Electronic Storage of Health Insurance Data may Lead to Trafficking of Patient Information

by Lakshmi Gopal on  September 26, 2011 at 1:21 PM Health Insurance News   - G J E 4
Of all of the risks regarding electronic health records, the largest is perhaps to privacy and confidentiality, and other civil liberties through the ability of information technology to rapidly duplicate and disseminate massive amounts of data, reports
 Electronic Storage of Health Insurance Data may Lead to Trafficking of Patient Information
Electronic Storage of Health Insurance Data may Lead to Trafficking of Patient Information

This duplication and dissemination can be performed in a controlled manner for the betterment of patient and public health, but it can also occur in a harmful manner that serves the interests of others, often without meaningful informed consent by the patients.

This can occur in, for example, the stealing of computers and computer backup disks, tape, etc., which seems to be a common occurrence in the news in recent years, or through corporate processes that carry the inherent risk of abuse.

Here is just one recent example of both data mismanagement and theft involving not patients (by chance) but physicians themselves:

Blue Cross: Thousands of doctors' computer data stolen

Wednesday, October 07, 2009

By Bill Toland, Pittsburgh Post-Gazette

Tens of thousands of doctors under contract with Pittsburgh's Highmark Inc. are being notified that their personal information, including Social Security numbers or tax ID numbers, may have been compromised when a laptop containing sensitive data was stolen from a Blue Cross-Blue Shield Association employee.

Physicians and specialists in western and central Pennsylvania are being notified of the breach this week, according to a Highmark spokesman. Across the country, the number of affected doctors is expected to reach the hundreds of thousands once a review of the theft is complete, said national Blue Cross-Blue Shield Association spokesman Jeff Smokler. The stolen computer did not contain patient information.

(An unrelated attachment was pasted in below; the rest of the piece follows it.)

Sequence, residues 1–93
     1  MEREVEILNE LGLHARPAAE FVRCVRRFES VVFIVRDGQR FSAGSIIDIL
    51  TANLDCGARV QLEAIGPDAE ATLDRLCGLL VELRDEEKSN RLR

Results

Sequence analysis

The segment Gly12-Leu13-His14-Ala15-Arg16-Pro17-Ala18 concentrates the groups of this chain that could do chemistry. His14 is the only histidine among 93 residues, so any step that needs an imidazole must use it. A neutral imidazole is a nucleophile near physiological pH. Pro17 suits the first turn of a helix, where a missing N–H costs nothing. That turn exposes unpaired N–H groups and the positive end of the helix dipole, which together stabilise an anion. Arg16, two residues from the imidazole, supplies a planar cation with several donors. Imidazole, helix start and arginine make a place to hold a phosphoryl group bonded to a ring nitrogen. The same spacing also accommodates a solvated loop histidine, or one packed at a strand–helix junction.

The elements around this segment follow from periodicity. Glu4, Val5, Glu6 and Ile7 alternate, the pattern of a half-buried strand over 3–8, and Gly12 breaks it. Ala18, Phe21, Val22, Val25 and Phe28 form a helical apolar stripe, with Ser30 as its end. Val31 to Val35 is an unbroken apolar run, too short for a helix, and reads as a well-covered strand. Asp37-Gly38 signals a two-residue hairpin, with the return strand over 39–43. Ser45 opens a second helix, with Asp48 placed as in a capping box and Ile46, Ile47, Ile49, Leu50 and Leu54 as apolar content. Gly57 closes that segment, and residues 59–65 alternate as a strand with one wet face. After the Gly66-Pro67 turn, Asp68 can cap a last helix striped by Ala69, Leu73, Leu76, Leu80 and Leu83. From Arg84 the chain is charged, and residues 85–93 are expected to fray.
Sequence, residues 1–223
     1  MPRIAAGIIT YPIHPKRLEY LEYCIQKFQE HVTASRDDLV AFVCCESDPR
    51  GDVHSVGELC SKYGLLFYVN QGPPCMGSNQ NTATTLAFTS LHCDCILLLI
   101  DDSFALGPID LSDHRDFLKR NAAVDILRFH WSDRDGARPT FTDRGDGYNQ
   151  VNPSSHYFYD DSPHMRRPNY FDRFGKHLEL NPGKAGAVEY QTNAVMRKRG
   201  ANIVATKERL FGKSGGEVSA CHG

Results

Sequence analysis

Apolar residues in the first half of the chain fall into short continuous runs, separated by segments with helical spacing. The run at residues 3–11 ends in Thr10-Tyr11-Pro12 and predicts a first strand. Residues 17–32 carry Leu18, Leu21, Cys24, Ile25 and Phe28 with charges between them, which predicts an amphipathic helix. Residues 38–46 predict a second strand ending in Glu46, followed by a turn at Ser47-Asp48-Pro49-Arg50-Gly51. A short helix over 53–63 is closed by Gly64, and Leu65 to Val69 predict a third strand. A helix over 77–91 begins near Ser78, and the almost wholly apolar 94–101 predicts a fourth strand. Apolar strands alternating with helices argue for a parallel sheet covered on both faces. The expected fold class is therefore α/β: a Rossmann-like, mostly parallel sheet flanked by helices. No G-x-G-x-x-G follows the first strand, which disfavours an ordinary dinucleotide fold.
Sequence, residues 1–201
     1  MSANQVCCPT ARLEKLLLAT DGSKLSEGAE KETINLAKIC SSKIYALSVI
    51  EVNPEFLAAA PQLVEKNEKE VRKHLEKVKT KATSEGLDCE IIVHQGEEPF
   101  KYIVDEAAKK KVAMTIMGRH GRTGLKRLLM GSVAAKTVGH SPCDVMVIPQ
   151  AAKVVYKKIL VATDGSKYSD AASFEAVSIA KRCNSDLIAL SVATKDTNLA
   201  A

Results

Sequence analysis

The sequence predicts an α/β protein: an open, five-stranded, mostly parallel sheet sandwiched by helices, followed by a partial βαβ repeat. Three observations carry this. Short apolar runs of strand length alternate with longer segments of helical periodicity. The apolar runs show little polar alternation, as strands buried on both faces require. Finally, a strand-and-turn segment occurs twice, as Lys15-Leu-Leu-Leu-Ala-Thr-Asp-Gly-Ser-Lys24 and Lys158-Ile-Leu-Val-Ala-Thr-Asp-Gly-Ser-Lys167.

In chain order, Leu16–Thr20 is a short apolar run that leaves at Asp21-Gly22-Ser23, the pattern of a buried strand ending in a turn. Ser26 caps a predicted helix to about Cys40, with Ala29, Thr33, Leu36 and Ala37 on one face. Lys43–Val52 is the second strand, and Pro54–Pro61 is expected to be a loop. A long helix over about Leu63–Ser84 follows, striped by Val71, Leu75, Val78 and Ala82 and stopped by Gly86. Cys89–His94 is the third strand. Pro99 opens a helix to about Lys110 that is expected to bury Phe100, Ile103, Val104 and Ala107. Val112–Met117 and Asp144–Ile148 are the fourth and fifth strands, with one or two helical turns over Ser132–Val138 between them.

The letter sent to Highmark providers said "a BCBSA employee [transferred] provider data information onto a personal laptop, in violation of BCBSA's established data security policies."

Here is an example of purposeful corporate healthcare data trafficking that makes one pause and ponder.

Cerner's LifeSciences traffics in patient data taken from the EMRs its company sells to healthcare organizations. See the document below. They advertise:

Cerner LifeSciences' data warehouses and consulting services help you manage your R&D opportunity through Cerner's analytical solutions. Through our data mining of our vast warehouse of electronic health records (EHRs), you can accelerate development processes and reduce business risks. Each year, new compounds debut new abilities or first-in-class molecules. Far more common are new compounds that target the same receptors as compounds already in the market ... This is when Cerner LifeSciences makes it possible to analyze anonymous, HIPAA-compliant, EHR-derived data for efficacy and safety.

Cerner apparently includes contract language with their HIT customers that allows them to traffic in "de-identified" patient data for sale to drug companies and others, getting the data essentially as a "value add" (to the HIT vendor, that is) from its healthcare IT customers.

Source: Medindia

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